Introduction

Current standard therapy for chronic phase (CP-) Ph+ Chronic myeloid leukemia (CML) is the chronic oral administration of tyrosine kinase inhibitor (TKI) drug.[1] European LeukemiaNet (ELN) 2013 recommendations provided clear, practical suggestions for the physicians dealing with CML management, based on the best available evidence about the TKI drugs, without disregarding clinical realities and expectations.[1] The aim of this review is to outline monitoring the response to optimal TKI treatment based on the ELN CML 2013 recommendations from the clinical point of view as a physician.
Based on the true ELN philosophy, the cost of monitoring is much lower than the cost of the TKI drugs.
Careful cytogenetic and molecular monitoring could help selecting the most convenient TKI drug and to optimize TKI treatment.[1] Excessive monitoring may have an economical cost, but failure to optimize TKI treatment may result in CML disease acceleration and death. Insufficient diagnostic/therapeutic clinical intervention during the management of CML disease course with TKI drugs can cause accelerated phase (AP) or blastic crisis (BC). The survival after the progression into AP/BC is still significantly shorter even in the powerful TKI era.[2]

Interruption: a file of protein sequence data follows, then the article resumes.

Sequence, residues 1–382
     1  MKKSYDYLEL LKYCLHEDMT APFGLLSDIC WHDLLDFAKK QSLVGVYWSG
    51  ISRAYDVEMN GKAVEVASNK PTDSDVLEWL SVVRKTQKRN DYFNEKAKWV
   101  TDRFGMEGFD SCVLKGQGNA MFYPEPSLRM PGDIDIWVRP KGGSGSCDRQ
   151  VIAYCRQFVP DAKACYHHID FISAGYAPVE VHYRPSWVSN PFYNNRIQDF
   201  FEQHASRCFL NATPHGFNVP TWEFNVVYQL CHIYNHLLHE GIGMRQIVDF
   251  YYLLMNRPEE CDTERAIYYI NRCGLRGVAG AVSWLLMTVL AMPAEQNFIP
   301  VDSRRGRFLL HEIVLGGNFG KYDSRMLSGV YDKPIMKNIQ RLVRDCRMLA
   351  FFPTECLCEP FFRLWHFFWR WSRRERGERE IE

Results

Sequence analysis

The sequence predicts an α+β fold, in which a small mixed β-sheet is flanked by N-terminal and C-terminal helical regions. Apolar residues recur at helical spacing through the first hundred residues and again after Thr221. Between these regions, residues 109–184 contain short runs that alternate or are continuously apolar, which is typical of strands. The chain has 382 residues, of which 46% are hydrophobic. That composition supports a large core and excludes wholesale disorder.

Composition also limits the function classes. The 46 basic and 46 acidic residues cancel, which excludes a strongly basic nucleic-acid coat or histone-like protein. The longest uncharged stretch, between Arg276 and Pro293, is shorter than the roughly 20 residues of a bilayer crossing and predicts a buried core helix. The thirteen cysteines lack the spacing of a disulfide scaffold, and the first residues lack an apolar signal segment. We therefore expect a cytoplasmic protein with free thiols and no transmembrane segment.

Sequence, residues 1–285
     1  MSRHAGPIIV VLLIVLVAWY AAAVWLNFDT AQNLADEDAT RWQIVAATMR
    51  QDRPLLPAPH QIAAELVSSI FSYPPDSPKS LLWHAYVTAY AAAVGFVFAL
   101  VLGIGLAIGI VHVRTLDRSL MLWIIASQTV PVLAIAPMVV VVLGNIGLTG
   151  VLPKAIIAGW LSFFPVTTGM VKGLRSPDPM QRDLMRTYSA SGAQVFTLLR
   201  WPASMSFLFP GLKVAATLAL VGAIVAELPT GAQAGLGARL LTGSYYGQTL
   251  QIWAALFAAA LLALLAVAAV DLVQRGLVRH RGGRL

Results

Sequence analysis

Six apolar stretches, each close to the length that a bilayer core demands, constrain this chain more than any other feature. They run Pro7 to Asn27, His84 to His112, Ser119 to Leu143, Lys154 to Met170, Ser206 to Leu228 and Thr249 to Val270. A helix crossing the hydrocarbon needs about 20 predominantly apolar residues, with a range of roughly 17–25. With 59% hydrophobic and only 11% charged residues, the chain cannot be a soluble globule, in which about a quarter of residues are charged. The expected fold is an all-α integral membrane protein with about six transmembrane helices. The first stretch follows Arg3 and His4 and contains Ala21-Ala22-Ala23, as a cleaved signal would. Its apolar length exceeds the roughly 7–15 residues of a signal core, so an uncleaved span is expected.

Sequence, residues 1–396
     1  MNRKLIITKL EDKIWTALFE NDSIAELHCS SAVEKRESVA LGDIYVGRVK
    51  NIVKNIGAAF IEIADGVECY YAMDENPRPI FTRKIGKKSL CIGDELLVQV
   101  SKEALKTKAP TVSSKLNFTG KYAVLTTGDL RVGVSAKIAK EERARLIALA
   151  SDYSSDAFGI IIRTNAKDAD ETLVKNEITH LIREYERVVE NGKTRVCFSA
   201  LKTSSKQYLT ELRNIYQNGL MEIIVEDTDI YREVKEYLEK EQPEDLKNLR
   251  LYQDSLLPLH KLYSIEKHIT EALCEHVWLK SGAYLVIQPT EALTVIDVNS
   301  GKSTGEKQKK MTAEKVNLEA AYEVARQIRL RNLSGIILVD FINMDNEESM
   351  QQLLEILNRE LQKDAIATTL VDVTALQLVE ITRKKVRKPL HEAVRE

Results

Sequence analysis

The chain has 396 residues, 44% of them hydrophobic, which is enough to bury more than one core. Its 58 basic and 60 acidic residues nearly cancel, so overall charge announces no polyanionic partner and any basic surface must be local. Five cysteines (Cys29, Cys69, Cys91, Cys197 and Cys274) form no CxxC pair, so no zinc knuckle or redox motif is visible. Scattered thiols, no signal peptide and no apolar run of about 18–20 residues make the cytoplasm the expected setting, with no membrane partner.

Diagnostic Tools and Surrogate Markers for the Monitoring the Response to TKI in CML

Ph+ CML disease burden should be monitored during the TKI treatment.[3] Hematologic response (HR) is measured by the evaluation of complete blood counts (CBC), white blood cell differential (WBC), and assessment of the spleen size. The definition of the hematologic, cytogenetic and molecular responses is depicted in Table 1. Cytogenetic response (CyR) is detected via the chromosome banding analysis of the bone marrow cell metaphases. The principle of the molecular response (MR) depends upon the measurement of the BCR-ABL transcript levels relative to a control gene. After one year of TKI treatment in CML, complete (C) HR can be obtained in about 98%, CCyR in 57-88%, and major (M)MR in 18-58% of the patients.[1,4-6]